EPA Rule Addressing Methylene Chloride Risks Stalled by “Shutdown” ... While Activists File First “New TSCA” Court Challenge for EPA Failure to Act
During confirmation hearings before Congress last week, Acting EPA Administrator Andrew Wheeler indicated that a long-awaited EPA rule to restrict consumer and commercial uses of methylene chloride as a paint and coating remover has been delayed by the government shutdown, after being submitted to the Office of Management and Budget on December 21st. Meanwhile, on January 14th, environmental groups and the parents of two men killed after exposure to the solvent, filed suit in the U.S. District Court for the District of Vermont seeking to compel EPA to finalize a January 2017 proposal to ban methylene chloride in most consumer and commercial paint and coating removal products.
The lawsuit is notable as the first challenge involving EPA’s new authority under 2016 amendments to the Toxic Substances Control Act (TSCA) that directs EPA to ban or restrict chemicals that present an unreasonable risk to human health or the environment. A 2014 EPA risk assessment found that short-term exposures to high concentrations of methylene chloride-based paint and coating strippers can be fatal. On January 19, 2017, during the last days of the Obama Administration, EPA issued a preliminary determination that the use of methylene chloride in paint and coating removal poses an unreasonable risk of injury to health. EPA also proposed prohibitions and restrictions on the manufacture, processing, and distribution in commerce of methylene chloride for all consumer and most types of commercial paint and coating removal and on the use of methylene chloride in commercial paint and coating removal in specified sectors.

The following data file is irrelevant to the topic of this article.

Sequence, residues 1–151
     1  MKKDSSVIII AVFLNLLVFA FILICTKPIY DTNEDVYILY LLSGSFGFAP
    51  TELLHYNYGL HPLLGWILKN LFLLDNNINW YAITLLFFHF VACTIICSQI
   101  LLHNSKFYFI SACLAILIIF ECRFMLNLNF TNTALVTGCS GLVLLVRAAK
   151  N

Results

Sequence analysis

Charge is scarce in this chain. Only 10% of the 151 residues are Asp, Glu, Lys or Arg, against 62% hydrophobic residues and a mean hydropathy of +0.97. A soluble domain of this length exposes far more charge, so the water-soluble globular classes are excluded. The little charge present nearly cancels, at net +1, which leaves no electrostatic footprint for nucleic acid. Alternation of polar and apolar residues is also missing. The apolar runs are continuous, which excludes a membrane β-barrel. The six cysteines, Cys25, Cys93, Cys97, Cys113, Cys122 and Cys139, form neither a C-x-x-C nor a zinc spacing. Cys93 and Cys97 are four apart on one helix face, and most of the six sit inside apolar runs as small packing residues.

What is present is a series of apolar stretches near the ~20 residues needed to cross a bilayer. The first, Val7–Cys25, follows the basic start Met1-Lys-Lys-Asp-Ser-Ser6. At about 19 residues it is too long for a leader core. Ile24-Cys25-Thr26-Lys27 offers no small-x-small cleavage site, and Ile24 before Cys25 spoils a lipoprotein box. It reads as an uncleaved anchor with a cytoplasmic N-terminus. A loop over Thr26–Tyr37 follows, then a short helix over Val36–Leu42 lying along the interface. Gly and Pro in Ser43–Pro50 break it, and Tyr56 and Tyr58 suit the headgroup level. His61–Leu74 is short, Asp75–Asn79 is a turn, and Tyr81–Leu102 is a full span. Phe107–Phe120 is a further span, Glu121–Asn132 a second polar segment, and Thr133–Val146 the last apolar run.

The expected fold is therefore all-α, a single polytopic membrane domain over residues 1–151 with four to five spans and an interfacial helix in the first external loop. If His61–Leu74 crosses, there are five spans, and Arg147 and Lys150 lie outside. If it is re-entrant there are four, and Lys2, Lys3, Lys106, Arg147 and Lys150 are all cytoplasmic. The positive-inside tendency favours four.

While EPA consistently has signaled its intent to finalize the rule, on the same day that the draft final rule was sent to OMB for review, the agency also sent for OMB review a preliminary draft rule entitled “Commercial Paint and Coating Removal Training, Certification and Limited Access Program.” While no details are available, issuance of the draft “training” rule signals that at least some of the more stringent provisions applicable to commercial uses of the solvent from the January 2017 proposal may have be relaxed in the pending final rule.
In particular, the lawsuit seeks a court order directing EPA to “perform their mandatory duty under sections 6(a) and 7 of [TSCA] to address the serious and imminent threat to human health presented by paint removal products containing methylene chloride.” Under TSCA section 6(a), EPA is directed to ban or restrict chemicals that it determines present an unreasonable risk to human health or the environment. The plaintiffs contend that EPA has “violated the explicit command in TSCA section 6(a) that it ‘shall’ by rule restrict a chemical determined to present an unreasonable risk of injury, applying such requirements that are ‘necessary so that the chemical substance no longer presents such risk.’” The plaintiffs also have alleged EPA failure to abide by TSCA section 7 requirements “to protect the public against ‘imminently hazardous’ chemical substances.”
The case is Vermont Public Interest Research Group et al v. Wheeler et al. (D. Vt., No. 19-00009, 1/14/19).